On mental illness and tragedy

8 Jun

This is normally the type of post I would save for secret poetry blog, but I am going to put it here as I think many people deal with these things: anxiety, depression, the desire of having an something to cling to as a lifeline.

Artists and writers and creative folk have long had a history with at times crippling mental illness. We always talk about the “stigma” of mental illness– and for a long time I thought I knew what that meant. “Ah, I see. Stigma. Bad, bad word.” I thought of stigma as being the same word as “discrimination.” But it really means “brand, stain, mark of disgrace.” (yes, I did Google that). In short, to me that means that viewers of those with mental illness see scars, damaged goods.

I would like to think that I have matured. I saw mental illness as tragedy and tears, and brokenness. What happens when an entire country is ravaged by the way rape is used as weapon against women’s bodies and men’s ability to protect their families? Is the entire face of the country marred and tainted for the lifetimes of that generation? What about children who turned to militia to survive, and their childhoods have been wrought with lessons on how to not be human? Are they just the twisted scars of their own past?

Previously, I would have seen these people as casualties. I would shake my head, tears in my eyes. “Devastating.” I would say. “So very sad, so very sad. What a cruel place this world is.”

Is. That. It?

No, no, no. I don’t get to just leave. Prevention is amazing, amazing. But I think what I failed to realize is that these people are allowed to continue, survive, thrive. Have productive and meaningful life. These people can achieve amazing things, and though there may be permanent damage, it is weak to only see them as damaged.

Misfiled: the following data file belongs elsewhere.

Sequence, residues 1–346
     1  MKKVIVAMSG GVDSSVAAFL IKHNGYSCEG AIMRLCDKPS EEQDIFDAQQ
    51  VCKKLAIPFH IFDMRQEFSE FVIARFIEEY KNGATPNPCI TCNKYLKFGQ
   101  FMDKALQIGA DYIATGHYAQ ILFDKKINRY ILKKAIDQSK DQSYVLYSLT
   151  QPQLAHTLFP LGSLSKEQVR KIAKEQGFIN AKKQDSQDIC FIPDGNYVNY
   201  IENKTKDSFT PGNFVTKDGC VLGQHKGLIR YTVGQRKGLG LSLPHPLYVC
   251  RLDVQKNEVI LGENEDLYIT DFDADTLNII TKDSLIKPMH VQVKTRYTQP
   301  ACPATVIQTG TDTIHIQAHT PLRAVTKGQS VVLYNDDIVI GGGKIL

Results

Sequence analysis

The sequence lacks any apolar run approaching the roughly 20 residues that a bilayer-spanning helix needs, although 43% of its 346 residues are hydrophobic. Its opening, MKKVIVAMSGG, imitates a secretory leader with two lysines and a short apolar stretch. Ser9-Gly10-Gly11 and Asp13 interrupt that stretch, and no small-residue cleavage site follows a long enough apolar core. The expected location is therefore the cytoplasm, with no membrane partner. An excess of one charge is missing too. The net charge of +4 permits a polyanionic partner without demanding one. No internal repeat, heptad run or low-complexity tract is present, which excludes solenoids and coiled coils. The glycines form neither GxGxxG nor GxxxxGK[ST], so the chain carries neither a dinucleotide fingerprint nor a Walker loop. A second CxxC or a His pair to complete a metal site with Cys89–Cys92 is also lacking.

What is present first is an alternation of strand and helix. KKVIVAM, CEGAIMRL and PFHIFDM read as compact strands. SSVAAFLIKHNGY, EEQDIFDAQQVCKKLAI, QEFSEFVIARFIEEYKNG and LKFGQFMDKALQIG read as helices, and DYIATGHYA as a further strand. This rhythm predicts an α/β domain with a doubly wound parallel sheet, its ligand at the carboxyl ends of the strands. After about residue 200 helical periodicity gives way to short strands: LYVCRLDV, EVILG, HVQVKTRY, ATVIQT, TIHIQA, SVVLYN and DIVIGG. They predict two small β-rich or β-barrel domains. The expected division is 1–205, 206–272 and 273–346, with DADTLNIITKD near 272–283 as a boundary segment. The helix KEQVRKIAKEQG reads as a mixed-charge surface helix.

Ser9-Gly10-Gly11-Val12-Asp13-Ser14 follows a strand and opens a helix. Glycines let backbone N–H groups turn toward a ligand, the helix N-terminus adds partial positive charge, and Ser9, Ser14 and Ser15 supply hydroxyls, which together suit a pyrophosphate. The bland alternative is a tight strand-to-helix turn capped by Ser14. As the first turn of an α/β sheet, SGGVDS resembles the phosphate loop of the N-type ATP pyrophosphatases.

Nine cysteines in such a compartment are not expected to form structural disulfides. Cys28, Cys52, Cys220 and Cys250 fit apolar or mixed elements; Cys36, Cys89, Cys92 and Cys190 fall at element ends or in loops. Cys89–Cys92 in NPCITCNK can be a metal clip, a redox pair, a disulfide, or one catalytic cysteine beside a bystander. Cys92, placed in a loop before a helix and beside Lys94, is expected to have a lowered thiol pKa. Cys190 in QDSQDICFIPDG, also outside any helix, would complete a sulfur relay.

At one point (selfishly) I was too overwhelmed by my own pain reflected in their stories. But it is my job to set that aside, see them. 

“We need to both add joy and take away pain,” I said. I still think this in some respects, but it has evolved. Joy and pain are not commodities. They are not things that run out.

I know I am capable of helping children and women navigate the waters of what this world can do to you. It is scary, because I am human as well, and I am deeply affected by pain in general. My tolerance is not high. I get angry, so very angry, and I know anger is a caustic substance. But I have also learned what to do– I know I need to stay connected to family and friends, I know I can’t indulge in sad music, I know I need to see light things and laugh, and cook maybe, and write. I know I need to distance myself from relationships that cause me to feel dark and languish in “what-ifs.” I need to revel in beauty, and the stories that give me hope that despite the world’s evil, there are those who choose to be in love with one another.

And now– now I can be that anchor, that lifeline. And I have such joy knowing that what people are capable of could be lovely if they can just find a way to hang on.

What do you do to take care of yourself so you can be that person for someone else?


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